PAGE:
A grassroots movement to promote poetry for children is continuing to build, despite the recession.
This week Janetta Otter-Barry Books launched its new children's poetry list, which will put out four books a year. The first two books are The Language of Cat by Rachel Rooney, a special needs teacher from Brighton who also teaches poetry workshops in schools, and a reprint of An Imaginary Menagerie by Roger McGough.
Ms Otter-Barry, who runs the imprint under publishers Frances Lincoln, said: "We have many wonderful children's poets in the UK whose voices are not being heard, other than in anthologies. This venture will help to bring poetry back into children's lives."
The John Betjeman Poetry Competition for young people is also seeing revived interest under its new patron, actress Joanna Lumley.
The competition is open to children aged 10 to 13 and has already attracted 300 entries although the closing date is not until the end of term.
But the picture is mixed. The Poetry Book Society (PBS), set up by TS Eliot, is currently searching for funding to run the Old Possum's Children's Poetry Competition. The PBS lost its Arts Council funding earlier this year and is currently working on a survival plan.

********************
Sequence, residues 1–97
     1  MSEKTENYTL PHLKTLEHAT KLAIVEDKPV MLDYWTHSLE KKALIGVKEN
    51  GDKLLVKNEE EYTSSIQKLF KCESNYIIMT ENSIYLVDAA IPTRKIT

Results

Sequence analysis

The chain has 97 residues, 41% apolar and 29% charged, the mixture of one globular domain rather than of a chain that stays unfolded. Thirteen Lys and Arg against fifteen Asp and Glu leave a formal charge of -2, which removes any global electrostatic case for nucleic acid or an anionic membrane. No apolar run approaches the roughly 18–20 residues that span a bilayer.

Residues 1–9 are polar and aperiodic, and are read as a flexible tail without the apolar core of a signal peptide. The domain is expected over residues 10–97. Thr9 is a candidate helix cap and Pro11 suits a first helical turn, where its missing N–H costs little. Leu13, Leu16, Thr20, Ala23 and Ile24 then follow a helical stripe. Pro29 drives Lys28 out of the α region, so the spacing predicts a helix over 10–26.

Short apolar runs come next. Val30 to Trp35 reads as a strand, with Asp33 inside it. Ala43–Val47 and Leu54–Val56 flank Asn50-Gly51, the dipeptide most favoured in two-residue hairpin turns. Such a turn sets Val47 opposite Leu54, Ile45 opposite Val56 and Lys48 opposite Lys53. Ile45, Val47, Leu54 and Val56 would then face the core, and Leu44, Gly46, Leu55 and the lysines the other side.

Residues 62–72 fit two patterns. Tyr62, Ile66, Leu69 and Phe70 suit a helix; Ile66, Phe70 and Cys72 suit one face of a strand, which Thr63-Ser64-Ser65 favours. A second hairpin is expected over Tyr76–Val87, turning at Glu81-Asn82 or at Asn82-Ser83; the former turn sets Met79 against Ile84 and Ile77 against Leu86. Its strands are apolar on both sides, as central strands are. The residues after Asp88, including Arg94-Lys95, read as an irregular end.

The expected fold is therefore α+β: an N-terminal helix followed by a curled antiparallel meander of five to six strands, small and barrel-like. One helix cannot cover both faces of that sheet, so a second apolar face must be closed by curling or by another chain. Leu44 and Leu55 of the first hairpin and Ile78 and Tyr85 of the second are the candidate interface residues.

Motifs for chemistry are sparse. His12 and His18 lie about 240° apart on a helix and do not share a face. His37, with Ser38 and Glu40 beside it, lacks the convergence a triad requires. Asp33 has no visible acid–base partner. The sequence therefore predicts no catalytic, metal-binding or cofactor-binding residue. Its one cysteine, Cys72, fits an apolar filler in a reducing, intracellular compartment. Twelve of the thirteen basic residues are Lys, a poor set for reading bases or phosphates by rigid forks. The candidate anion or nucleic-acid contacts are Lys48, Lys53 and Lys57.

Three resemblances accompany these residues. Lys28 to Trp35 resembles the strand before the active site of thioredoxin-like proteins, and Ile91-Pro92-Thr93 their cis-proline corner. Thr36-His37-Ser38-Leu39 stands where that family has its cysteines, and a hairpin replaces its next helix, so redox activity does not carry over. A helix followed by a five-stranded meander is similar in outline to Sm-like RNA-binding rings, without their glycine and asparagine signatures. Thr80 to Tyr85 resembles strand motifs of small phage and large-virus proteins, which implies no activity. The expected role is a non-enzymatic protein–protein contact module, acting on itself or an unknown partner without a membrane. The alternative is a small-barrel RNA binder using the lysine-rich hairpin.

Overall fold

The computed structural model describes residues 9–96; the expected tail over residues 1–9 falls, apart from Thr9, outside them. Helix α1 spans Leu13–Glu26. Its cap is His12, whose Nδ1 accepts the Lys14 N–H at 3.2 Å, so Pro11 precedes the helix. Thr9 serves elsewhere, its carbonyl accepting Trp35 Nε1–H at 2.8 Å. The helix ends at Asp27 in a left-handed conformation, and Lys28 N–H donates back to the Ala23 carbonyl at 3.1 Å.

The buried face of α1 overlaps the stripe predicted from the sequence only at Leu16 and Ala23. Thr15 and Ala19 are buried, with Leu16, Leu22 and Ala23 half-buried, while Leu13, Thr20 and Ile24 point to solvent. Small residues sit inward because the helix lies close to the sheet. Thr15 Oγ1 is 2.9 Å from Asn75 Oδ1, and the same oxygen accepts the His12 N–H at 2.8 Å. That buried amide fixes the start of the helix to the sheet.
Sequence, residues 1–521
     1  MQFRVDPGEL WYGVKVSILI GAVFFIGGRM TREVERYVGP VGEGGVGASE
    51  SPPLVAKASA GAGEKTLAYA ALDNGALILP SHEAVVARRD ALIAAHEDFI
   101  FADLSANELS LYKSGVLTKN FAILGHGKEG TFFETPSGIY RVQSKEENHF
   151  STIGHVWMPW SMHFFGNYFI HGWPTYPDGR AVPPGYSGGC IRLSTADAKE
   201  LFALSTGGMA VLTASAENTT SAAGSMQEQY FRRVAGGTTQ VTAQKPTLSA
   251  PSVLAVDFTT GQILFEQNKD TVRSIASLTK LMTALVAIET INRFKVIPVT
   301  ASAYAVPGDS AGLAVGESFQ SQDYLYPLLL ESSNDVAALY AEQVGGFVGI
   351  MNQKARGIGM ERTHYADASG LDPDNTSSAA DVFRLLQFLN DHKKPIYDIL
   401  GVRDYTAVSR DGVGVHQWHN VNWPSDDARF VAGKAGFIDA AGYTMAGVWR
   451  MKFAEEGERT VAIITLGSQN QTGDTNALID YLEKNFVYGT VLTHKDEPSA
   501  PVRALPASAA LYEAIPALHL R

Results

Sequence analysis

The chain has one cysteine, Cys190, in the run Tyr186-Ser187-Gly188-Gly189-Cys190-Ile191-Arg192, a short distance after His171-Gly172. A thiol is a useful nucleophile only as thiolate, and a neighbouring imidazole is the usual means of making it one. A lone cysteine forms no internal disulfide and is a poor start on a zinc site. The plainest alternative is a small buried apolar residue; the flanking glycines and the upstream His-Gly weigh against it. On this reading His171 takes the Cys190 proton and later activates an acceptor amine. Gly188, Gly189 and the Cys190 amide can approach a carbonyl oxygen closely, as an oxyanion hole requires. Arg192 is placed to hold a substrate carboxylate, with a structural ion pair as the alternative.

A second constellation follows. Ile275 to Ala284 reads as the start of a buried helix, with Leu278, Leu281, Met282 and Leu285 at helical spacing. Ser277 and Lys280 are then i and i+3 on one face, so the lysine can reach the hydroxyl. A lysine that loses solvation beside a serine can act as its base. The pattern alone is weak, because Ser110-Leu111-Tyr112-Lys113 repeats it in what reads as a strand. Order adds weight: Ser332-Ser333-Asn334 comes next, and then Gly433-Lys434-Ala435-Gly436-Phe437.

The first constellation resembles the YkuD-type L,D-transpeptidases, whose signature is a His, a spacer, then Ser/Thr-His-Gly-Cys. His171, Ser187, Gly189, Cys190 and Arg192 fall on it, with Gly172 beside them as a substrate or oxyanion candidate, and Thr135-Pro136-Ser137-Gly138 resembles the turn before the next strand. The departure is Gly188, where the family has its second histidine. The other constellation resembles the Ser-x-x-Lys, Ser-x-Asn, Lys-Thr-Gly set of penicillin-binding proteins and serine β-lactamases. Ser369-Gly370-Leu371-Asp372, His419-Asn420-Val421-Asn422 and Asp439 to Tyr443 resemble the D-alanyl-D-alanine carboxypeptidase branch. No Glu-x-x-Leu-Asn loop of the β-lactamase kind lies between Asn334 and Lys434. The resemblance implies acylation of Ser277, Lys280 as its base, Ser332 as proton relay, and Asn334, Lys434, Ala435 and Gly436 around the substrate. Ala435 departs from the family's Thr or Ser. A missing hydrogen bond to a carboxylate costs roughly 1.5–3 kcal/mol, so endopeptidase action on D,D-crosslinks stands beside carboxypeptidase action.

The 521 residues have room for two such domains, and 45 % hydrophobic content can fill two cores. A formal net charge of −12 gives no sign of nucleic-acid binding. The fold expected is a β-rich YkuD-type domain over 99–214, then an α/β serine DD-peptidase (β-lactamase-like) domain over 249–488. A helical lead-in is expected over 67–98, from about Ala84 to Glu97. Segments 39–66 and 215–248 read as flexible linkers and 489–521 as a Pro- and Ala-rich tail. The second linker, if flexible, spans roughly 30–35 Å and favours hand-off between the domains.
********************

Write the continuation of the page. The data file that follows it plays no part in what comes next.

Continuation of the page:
PBS projects officer Hilary Davidson said: "We have applications for funding in now. If nothing is forthcoming, we will have to drop it (the competition) for a year and work harder next year. We are committed to it."
Michael Rosen, whose books include Mustard, Custard, Grumble Belly and Gravy, began the drive to raise awareness of poetry when he was made children's laureate in 2007.
The Perform-a-Poem website he launched, which is hosted by Booktrust, now has more than 200 films of pupils reciting poems with titles ranging from My Mum is a Moody Goat to Curly Wurly Fries.